2. Elena says:

    Hello Valerie! Thank you very much! How would you advise to travel to Omo Valley from Addis? Is it possible to fly there?

  3. Paul hilton says:

    We intend to fly to Gonder tomorrow staying at Landmark hotel before leaving to Debark, then to Limalimo then trek to Adarmaz then onto Sankabsr and Geech Abyss onto Aykotba up to Chenek camp site then back down.
    What are your thoughts on this due to recent fires and unrest?

    • Val Bowden says:

      Hi Paul! Great to hear from you. Have you seen my latest post on safety in Ethiopia? That will give you some more ideas. And since you are probably already there…. lol I guess you should be giving us safety tips and letting me know how it is. In my personal opinion, you’ll probably be fine. Just avoid protests, and if things gets rowdy leave. Most Ethiopians really want peace, and in general it’s still a safe country. So I’m hoping if you avoid any hotspot areas you’ll be fine. But definitely check back in and let me know how it goes! All the best! Stay safe!

  4. Kerry Dooley Young says:

    Great blog. Thanks for the information on Gondar and other sites.

  5. Pierre says:

    Hey Val!

    Thanks a lot for all your tips, it’s great to hear about that situation with more calm and perception than the travel warnings on Embassy websites 🙂

    We’re landing in Addis tomorrow and we were planning on travelling mostly through public bus. Some embassies strongly discourage that, but we don’t really have the budget to fly everywhere….

    What are your thoughts on road travel?

    Thanks again for the wonderful blog.

    • Val Bowden says:

      Hey! No problem. I mean Embassies, especially the American one, puts the strictest, scariest warnings on their websites. I think most travelers find it much better than what they read. So I’ve traveled the whole country by bus, and actually found the roads and big buses (Selam and Sky Bus– both have offices in Meskel Square), better than other African countries. Obviously, driving here is a lot crazier than what you’re used to. But it’s on par with latin American countries or Miami, Florida where I used to live. lol. The only advice for now is just show a little extra caution… especially in Oromo/Amhara areas. And as always (but definitely now) avoid any large gatherings or protests. Other than that, I think you’ll be totally good visiting Ethiopia. It’s a great place! 🙂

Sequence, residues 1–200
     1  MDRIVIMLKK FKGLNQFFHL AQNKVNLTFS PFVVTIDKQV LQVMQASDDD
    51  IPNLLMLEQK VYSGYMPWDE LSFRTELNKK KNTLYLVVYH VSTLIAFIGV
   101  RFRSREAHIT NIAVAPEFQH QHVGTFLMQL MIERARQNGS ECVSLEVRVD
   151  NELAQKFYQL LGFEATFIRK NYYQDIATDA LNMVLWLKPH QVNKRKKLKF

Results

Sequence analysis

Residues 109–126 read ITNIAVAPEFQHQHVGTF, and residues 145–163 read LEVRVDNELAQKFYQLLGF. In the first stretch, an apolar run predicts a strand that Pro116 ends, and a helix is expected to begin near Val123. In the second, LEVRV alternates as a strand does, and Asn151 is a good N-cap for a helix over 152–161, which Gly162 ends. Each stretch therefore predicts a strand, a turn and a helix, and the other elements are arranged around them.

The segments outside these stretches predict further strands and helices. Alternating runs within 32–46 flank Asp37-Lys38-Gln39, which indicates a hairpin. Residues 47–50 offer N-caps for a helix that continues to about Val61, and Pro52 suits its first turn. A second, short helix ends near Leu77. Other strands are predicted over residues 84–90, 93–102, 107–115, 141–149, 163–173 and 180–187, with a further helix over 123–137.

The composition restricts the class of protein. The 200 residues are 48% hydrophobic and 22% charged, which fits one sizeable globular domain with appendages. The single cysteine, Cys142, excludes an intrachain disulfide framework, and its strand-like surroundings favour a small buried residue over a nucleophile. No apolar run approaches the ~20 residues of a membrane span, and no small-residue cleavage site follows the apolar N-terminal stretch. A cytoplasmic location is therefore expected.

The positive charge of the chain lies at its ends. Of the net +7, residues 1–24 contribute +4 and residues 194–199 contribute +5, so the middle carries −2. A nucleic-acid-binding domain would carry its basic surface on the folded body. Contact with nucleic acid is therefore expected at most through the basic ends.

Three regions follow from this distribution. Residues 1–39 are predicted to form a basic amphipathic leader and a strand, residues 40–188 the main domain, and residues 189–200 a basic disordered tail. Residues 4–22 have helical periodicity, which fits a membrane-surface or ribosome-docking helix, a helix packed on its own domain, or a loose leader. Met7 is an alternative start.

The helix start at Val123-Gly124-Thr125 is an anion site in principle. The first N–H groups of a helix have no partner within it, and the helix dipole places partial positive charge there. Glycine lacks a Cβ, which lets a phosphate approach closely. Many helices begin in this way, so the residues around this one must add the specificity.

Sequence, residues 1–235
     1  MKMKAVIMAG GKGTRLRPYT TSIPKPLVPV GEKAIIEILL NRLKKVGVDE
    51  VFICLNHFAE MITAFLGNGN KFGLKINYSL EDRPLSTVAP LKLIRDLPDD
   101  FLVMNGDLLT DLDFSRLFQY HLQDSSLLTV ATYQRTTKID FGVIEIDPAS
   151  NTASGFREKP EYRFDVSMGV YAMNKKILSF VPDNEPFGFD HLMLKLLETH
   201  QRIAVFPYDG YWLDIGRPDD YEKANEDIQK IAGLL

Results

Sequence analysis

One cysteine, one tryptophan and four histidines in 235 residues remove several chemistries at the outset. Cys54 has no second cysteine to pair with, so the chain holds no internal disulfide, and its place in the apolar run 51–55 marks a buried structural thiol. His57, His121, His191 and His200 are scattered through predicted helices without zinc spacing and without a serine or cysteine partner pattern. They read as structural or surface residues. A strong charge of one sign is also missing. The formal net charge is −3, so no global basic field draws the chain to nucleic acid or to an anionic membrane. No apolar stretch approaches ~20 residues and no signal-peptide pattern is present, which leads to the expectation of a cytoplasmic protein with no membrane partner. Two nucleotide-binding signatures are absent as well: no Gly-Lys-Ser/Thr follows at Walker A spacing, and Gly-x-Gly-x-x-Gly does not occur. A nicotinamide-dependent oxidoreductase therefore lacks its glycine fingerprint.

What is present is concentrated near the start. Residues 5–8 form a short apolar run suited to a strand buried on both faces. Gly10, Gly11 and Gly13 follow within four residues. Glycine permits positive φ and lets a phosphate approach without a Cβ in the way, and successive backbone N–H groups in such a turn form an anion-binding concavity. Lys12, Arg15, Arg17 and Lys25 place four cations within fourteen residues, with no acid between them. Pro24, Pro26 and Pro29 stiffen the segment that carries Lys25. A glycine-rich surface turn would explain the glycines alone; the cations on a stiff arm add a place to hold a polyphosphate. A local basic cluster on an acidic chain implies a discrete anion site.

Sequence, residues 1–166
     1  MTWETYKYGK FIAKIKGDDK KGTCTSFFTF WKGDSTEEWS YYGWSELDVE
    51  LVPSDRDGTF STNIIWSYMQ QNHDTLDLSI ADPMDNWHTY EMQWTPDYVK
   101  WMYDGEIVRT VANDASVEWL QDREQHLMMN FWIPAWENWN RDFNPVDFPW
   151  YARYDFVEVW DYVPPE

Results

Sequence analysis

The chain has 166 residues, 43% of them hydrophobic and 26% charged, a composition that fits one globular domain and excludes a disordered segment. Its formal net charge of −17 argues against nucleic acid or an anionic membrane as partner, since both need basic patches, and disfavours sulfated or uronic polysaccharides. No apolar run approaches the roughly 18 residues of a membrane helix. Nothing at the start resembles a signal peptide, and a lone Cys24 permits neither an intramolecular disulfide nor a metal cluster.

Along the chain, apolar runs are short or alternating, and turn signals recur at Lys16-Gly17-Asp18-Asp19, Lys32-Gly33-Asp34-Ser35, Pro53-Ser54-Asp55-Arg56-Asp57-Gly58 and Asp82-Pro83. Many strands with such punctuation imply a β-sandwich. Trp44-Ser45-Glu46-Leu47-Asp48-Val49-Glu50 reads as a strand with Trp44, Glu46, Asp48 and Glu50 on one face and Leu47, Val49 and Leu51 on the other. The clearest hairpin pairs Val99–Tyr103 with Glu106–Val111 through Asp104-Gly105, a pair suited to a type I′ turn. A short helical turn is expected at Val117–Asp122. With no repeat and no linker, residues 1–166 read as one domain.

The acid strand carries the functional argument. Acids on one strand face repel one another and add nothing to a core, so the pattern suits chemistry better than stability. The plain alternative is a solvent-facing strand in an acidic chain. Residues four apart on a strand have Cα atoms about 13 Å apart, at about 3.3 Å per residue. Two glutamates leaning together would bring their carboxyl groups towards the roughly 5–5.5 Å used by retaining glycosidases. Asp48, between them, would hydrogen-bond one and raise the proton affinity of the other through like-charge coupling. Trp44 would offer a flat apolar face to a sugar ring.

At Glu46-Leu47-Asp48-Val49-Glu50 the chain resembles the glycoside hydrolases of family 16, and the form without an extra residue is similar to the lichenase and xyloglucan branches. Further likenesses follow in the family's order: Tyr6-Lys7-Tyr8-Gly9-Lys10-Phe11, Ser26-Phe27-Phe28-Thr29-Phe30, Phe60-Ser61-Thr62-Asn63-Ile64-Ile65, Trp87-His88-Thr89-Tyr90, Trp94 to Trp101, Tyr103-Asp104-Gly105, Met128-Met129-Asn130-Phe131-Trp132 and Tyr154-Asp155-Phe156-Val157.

6. Irma says:

    Hello, We are planning on going to Ethiopia in a couple of months. Since we only have a week we plan to fly to Lalibela for 2 or 3 days and than fly to harar for a couple of days. I read about needing injections for hepatitis A and malaria and injections. Do you think any injections are needed. We went to Vietnam, Laos, Cambodia and Thailand last yr. and did not get any injections. Thank you for your response.

  7. Irma Sherman says:

    Hello, We are planning on going to Ethiopia in a couple of months. Since we only have a week we plan to fly to Lalibela for 2 or 3 days and than fly to harar for a couple of days. I read about needing injections for hepatitis A and malaria and injections. Do you think any injections are needed. We went to Vietnam, Laos, Cambodia and Thailand last yr. and did not get any injections. Thank you for your response.

    • Val Bowden says:

      Hi! Great to hear you’re coming. You’ll have a great time! Well, I always like to get vaccines just in case. If you’re staying and eating at nicer places, the Hep A probably isn’t a must though. Especially if you felt comfortable in Asia without it. So you could probably skip the Hep A. And as far as Malaria goes…. Lalilbela and Addis are malaria free. Since they both are in a higher altitude. Technically, they say malaria is possible in Harar. But it’s not super common especially if you’re not coming during rainy season. Again, it’s up to you. But I would just bring a bottle of bug spray. Malaria pills are super cheap here, so if you come and are worried just head to a local pharmacy. Anyways, hope you have a great time! 🙂